This is an excerpt from a column I wrote for Dome Magazine, which was based on an earlier politicscentral.org blog post.
Another year, another disastrous round of test scores by Michigan K-12 students across the state and across all grades who were tested.
While state Department of Education officials prefer to emphasize the “modest gains” buried within the 2019 results from the Michigan Student Test of Educational Progress (M-STEP), the bigger picture remains grim.
A majority of all elementary and middle school kids tested – those in grades 3 through 7 – failed the M-STEP exam in English (reading and writing). That means they failed to receive a “proficient” score that would indicate they sufficiently knew the material on the test.
Michigan’s 11th grade, pre-college SAT scores in reading and writing and mathematics showed declines. Some 55 percent of the high school juniors who took the test in March scored at a “college ready” level in English language arts, while just 36 percent reached an acceptable outcome in math.
Yet, here is what State Schools Superintendent Michal Rice said about the newest scores: “We appreciate the gains made this year in our early grades. Focus and attention on early childhood education and early literacy are beginning to bear fruit, and continued efforts in these areas will keep Michigan moving forward.”
Education officials managed to put a happy face on the M-STEP, taken by students last spring, by cherry picking certain aspects of the results. For example, they avoided the big picture and instead emphasized those “modest gains” in English scores for 3rd and 4th graders, as well as a slight uptick for math results in 3rd, 5th and 6th grade.
‘Snow days’ lead to failing test scores?
What’s more, officials tried to blame the poor scores statewide on severe winter weather in northern Michigan that resulted in an average of 11 snow days last school year, with 144 districts being closed 14 days or more. But those school districts represent less than one-fourth of Michigan districts, and most are rather tiny school systems located in the northern Lower Peninsula and the U.P.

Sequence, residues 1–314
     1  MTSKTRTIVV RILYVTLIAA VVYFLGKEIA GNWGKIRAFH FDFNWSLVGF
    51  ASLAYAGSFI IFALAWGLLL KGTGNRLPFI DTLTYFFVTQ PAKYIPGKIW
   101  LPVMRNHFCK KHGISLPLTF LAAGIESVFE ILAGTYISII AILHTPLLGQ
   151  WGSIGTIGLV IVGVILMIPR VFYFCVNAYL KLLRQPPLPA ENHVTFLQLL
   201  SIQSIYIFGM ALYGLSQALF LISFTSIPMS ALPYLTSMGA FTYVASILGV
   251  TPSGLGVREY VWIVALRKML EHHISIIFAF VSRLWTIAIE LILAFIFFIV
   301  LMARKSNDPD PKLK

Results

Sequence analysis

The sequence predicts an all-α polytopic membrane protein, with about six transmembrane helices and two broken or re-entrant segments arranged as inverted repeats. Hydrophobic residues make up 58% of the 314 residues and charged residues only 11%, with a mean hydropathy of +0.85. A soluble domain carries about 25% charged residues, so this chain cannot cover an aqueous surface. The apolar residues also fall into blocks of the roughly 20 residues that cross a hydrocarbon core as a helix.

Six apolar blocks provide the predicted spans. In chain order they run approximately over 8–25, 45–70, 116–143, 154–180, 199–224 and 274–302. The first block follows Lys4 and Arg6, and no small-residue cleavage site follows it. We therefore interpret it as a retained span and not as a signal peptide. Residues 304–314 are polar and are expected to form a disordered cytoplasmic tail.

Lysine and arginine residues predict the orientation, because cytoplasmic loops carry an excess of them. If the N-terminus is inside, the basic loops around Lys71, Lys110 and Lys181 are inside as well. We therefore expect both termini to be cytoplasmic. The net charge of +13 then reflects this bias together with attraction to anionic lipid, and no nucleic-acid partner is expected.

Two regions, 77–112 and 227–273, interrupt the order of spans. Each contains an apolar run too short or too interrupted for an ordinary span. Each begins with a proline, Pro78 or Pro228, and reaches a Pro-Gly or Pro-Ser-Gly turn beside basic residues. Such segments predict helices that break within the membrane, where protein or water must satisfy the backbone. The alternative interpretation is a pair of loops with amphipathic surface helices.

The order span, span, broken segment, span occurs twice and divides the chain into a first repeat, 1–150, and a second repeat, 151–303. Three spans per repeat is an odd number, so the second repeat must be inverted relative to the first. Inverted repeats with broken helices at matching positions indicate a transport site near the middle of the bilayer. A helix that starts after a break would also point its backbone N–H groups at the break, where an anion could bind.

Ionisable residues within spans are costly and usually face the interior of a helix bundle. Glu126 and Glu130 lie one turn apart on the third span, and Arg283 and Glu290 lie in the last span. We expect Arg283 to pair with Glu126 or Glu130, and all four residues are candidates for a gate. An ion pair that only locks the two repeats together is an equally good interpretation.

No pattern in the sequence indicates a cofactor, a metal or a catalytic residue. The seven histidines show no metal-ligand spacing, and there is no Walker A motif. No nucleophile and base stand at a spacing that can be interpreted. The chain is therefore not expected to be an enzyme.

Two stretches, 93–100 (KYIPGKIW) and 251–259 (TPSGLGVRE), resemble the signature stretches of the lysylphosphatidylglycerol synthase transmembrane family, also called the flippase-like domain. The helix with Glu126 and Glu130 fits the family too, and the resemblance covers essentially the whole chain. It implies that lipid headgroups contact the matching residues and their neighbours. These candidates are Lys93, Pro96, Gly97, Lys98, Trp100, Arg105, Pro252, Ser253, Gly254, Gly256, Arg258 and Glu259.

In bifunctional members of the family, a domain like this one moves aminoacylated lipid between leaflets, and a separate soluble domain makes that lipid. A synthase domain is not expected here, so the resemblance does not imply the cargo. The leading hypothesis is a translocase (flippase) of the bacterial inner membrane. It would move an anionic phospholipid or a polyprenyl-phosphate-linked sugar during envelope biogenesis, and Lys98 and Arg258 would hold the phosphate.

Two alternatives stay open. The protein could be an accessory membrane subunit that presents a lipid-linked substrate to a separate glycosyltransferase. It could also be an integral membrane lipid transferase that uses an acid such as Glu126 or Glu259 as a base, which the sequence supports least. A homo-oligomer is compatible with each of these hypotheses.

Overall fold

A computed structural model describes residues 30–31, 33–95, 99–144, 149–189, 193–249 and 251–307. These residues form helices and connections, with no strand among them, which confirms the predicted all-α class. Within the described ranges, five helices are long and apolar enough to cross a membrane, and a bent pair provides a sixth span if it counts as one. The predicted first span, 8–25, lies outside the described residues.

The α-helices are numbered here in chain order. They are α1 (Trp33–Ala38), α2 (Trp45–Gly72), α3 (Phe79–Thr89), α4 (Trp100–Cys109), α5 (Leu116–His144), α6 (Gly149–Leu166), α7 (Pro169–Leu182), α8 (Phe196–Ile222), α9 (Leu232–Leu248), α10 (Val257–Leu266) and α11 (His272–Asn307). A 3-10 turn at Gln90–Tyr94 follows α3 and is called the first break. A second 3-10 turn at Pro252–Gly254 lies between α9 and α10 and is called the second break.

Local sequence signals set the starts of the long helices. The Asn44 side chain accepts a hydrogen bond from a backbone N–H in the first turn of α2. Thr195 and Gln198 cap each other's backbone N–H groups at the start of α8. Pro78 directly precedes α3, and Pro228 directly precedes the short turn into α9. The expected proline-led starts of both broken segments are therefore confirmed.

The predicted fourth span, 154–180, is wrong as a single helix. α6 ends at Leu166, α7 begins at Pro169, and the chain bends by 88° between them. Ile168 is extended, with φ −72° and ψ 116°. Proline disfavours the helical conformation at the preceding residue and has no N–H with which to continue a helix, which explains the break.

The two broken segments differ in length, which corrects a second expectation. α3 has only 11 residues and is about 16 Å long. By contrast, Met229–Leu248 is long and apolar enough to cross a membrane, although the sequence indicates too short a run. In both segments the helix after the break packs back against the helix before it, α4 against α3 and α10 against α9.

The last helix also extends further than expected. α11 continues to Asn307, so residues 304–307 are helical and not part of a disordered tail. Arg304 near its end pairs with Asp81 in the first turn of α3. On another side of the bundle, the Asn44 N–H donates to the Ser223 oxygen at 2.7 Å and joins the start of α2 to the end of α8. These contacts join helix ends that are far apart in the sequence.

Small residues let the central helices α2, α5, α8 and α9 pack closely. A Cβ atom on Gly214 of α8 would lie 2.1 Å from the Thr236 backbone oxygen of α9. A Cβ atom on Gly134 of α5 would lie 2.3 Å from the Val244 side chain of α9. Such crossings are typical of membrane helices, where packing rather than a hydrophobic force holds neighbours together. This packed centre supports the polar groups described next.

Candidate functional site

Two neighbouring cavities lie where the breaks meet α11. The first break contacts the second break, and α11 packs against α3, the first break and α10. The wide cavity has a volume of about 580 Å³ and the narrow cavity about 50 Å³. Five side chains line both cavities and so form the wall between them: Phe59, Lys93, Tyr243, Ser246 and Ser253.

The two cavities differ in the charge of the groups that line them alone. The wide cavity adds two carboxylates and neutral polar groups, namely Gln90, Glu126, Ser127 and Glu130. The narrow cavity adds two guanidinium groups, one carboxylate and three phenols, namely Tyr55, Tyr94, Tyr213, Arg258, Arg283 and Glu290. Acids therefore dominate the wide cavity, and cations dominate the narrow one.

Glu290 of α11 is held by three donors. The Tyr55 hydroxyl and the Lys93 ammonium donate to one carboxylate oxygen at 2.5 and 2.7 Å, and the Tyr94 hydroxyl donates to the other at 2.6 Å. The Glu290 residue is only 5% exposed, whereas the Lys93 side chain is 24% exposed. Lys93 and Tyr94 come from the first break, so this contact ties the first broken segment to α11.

Over time, skittish state lawmakers have contributed to Michigan’s rapid slide toward mediocrity in K-12 education by revamping the statewide test several times over the past decade. That inconsistency shatters the basic concept behind standardized testing, which is to track the relative progress of students year by year, grade by grade. Instead, the Legislature has created an apples-and-oranges world of test score analysis.
And Lansing still cannot seem to learn its lessons, as this year’s M-STEP science test was cancelled while the Education Department is reconfiguring the exam to better represent a new science curriculum introduced statewide. Science has been the area where Michigan students have fared worst in recent years.
Next up is how to deal with a new state law that requires educators to hold back 3rd graders who cannot sufficiently read at their grade level. That could potentially mean forcing more than 50,000 kids to repeat the third grade. But one Education Department official said that local school superintendents would be given enough “wiggle room” to avoid 3rd grade retention for most students, despite the poor M-STEP scores.
Meanwhile, the vast majority of Michigan students, from Lansing to Alpena, from Kalamazoo to Kalkaska, failed at least one section of the 2019 M-STEP. (School-by-school scores are available at www.MISchoolData.org.)
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